The Energy Highway taskforce will be taking comments from the public on these proposals until July 31, and issue an action plan based on all the information received sometime this fall.

More information is available at the NY Energy Highway website.

You can submit comments here.

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Pink Slime is Green

I’m getting tired of the knee-jerk reactions to all the pink slime controversy from the environmental establishment. Like this one, which spured this article.

I totally agree that pink slime is gross, but so is digging through your trash for recyclables, toilet-to-tap water recycling. But both are very green.

Likewise, industrial processes like CAFOs and pink slime are not all bad- the good and the bad have to be carefully weighed… we should not dismiss one side just because it is gross.

Grass-fed cows produce more methane per pound of beef than CAFO cattle (because the latter gain weight faster.)

And “pink slime” is a way to use parts of the cow which would otherwise be thrown away. If we use 15% pink slime as a filler in our hamburger, we reduce the environmental impact of that hamburger by approximately 15% (as something which would otherwise be waste, pink slime has no negative environmental impact, except for that caused by processing it, and has some positive impact because it’s not rotting and producing methane in a landfill somewhere.

Pink slime is an environmental innovation. It only started being gross when we started talking about it. So do the planet a favor, and stop worrying about what’s in your burger.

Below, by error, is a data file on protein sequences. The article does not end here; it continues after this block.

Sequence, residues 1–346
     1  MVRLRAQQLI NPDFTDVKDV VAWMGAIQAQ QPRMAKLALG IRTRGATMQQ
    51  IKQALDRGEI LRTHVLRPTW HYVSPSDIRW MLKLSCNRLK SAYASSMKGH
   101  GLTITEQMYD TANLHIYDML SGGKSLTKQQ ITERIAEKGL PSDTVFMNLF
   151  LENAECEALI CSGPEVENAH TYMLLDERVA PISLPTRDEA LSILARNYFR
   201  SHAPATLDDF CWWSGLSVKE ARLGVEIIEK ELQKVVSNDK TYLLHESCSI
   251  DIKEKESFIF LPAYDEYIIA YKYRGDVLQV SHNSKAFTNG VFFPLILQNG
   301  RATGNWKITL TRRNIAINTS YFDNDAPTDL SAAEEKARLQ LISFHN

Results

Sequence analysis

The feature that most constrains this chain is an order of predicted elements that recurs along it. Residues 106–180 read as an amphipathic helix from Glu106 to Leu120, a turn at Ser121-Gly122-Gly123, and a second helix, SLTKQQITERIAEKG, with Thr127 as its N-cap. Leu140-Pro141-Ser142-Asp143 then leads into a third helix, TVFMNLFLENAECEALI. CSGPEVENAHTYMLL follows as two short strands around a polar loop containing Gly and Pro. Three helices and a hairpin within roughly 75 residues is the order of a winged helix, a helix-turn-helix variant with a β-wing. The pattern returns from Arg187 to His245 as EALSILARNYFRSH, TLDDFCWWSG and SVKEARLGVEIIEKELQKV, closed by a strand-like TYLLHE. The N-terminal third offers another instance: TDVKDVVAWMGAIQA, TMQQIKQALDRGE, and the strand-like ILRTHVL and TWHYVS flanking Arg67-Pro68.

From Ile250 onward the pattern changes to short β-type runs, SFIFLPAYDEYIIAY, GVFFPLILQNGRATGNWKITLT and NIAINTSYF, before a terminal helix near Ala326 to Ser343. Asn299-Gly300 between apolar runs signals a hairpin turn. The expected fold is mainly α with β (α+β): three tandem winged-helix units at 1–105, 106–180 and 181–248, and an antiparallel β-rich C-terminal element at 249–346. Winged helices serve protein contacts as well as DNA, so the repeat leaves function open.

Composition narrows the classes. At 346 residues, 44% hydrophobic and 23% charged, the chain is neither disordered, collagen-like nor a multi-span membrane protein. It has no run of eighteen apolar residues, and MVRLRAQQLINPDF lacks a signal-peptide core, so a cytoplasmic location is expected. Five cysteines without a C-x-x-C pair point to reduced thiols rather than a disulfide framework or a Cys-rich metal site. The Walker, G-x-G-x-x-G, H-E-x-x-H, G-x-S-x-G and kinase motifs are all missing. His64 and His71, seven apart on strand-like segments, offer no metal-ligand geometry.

Unless you’re ready to give up the burger altogether.

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Seeking Alpha: How To Encourage Thinking Inside the Box

Seeking Alpha (SA) has long been a good website aggregating content about stocks from around the web, and they’ve come up with some useful innovations, such as paying authors for original content (1 cent per page view). The money isn’t great, but I know of at least one seasoned writer (Dana Blankenhorn) who is actually making a decent living on it… and I was the one who told him about the opportunity.

SA has been republishing about 2/3 of my content since 2007 – a little over 300 articles so far, although I have not participated in the exclusive content program, for two reasons. First, because my other blogs ( and pay more (although still not much) and they don’t say that I can’t republish elsewhere afterwards.

Part of the reason they pay more is because Seeking Alpha is set up to favor conventional, easy-to-categorize content: About two years ago, they changed their categorization system to only include the traditional industry groups: Utilities, Consumer Goods, Etc. In the process, they eliminated the category Alternative Energy. Now, writers who focus on one traditional sector such as IT tend to be featured more prominently on the website.

My articles, on the other hand, are about green investing, a cross-cutting theme if there ever was one. Much of the time, they do not get categorized at all.

To be fair, I’ve talked to Eli Hoffman, who owns the site, and several other employees about this several times over the last few years. They are aware of the problem, and agree that it needs to be fixed, but they certainly have not made it a priority. Which is weird, since the claim that the main purpose of their site is to help people be better investors.

Since when did promoting conventional thinking make anyone a better investor?